Approximately 40% of all cancer patients will have some form of radiotherapy as part of their treatment programme, with these numbers likely to increase in the future.
Cancer Research Wales fund several pioneering radiotherapy research projects, which collectively seek to:
- Improve radiotherapy treatment planning through the modelling, comparison and critical assessment of different treatment strategies used in practice.
- Design and develop new radiation measuring devices for clinics.
- Create innovative methods and computerised systems for improved radiotherapy of oesophageal cancers.
- Generate standard procedures for the implementation of Positron Emission Tomography (PET) in the radiotherapy of Head and Neck cancers.
Treatment planning systems (TPS) are used to determine the best arrangement of radiation beams for patients. The two main methods used in treatment planning are known as Pencil Beam Convolution (PBC) and Collapsed Cone Convolution (CCC). Each uses approximations to reduce calculation time. The Monte Carlo (MC) method is an alternative approach that is very accurate but more time consuming. CRW funded scientists are using complex computer systems to generate treatment simulations that can compare all three methods (MC, PBC, CCC). These studies aim to provide more accurate information relating to radiation dose calculations and a better understanding of the relationship between delivered dose and its effects on the patient. This will ultimately improve the effectiveness of radiotherapy treatments.
Projects in Swansea are developing novel radiation measuring devices (dosimeters) for use in routine radiotherapy practice. Modern radiotherapy techniques require a more accurate determination of the radiation dose delivered to patients. This has led to the introduction of several new, high resolution dosimeters. Computer models will be created to compare their performance with conventional dosimeters within various complex radiation treatment scenarios. These new devices incorporate the latest artificial diamond technology, and are cost-effective and reliable substitutes for the current detectors that use natural diamond.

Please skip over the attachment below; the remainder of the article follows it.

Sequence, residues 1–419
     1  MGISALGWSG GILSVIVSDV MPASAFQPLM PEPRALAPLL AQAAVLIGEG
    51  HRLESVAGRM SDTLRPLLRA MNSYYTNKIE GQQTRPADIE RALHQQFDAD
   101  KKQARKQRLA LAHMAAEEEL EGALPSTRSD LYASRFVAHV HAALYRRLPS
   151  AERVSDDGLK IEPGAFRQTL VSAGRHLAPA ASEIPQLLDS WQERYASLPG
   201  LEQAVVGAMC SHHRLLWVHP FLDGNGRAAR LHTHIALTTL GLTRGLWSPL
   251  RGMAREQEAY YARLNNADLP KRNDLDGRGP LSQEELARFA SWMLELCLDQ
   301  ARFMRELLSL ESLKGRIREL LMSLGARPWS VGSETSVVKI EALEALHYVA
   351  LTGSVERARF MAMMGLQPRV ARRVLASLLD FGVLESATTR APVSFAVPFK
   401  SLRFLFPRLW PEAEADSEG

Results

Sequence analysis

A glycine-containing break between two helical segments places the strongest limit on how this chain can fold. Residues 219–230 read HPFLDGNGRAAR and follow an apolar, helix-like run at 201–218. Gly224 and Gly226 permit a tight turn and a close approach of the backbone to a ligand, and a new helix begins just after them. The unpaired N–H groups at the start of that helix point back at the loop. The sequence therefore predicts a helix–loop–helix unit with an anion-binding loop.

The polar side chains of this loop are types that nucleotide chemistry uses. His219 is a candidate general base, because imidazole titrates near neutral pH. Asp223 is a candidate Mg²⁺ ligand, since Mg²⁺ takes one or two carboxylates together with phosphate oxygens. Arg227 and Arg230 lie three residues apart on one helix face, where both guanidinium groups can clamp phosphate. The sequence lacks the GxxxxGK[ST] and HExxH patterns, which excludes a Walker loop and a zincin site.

Current research in oesophageal cancer is focussed on improving outcomes through better radiotherapy. A standard radiotherapy plan involves the outlining and separation of both tumour and normal tissues for accurate targeting of tumour only. However, treatment planning by different investigators may result in subtle but important variations in outlining. CRW supports research that seeks to address the issues of inter-observer variation by examination of the impact of outline variation on patient outcome in oesophageal cancer. These exciting projects aim to devise innovative methods and computerised systems that can limit user variability within and between radiotherapy departments. It is hoped these will eventually be incorporated into future oesophageal radiotherapy trials and standard care, leading to improved treatments, survival rates and reduction of side effects.
Positron Emission Tomography (PET) is a very sensitive and effective imaging technology for detecting cancerous cells. PET exploits the fact that cancer cells have an increased requirement for sugars compared to healthy tissues. During PET, administered radio-labelled sugars selectively accumulate within cancerous cells. This radioactive build-up is then imaged to create a visual “heat map” which can identify extremely small cancers. PET is often used with conventional scanning techniques such as CT to further improve the outlining of tumour lying within normal tissue and more accurately determine tumour volume and location.
CRW is proud to support innovative research projects that seek to improve the PET based assessment of tumours. Clinicians and scientists are working together to create applied protocols and procedures that will enhance PET/CT image resolution and image acquisition for cancers of the head and neck. This will lead to the generation of standard policies and practices that will improve reproducibility between operators and hasten the introduction of PET as an established method in radiotherapy planning. It is hoped that the outcomes of this research can be applied to other tumour types such as cancers of the lung, breast, brain, prostate and oesophagus.
Cancer Research Wales aims to reduce the impact of cancer on the people of Wales through supporting world class cancer research and education. For many cancer patients, radiotherapy is increasingly becoming an essential part of their treatment and makes a significant contribution to cancer cure. At Cancer Research Wales we believe it will be important to:
- Improve imaging methods to guide treatment planning for more effective delivery of radiotherapy, coupled with reduced side effects.
- Develop standardised software platforms for radiotherapy that can deliver reproducibility between operators, and departments.
- Provide a research-driven environment for radiotherapy to further improve techniques which will translate into better survival for cancer patients.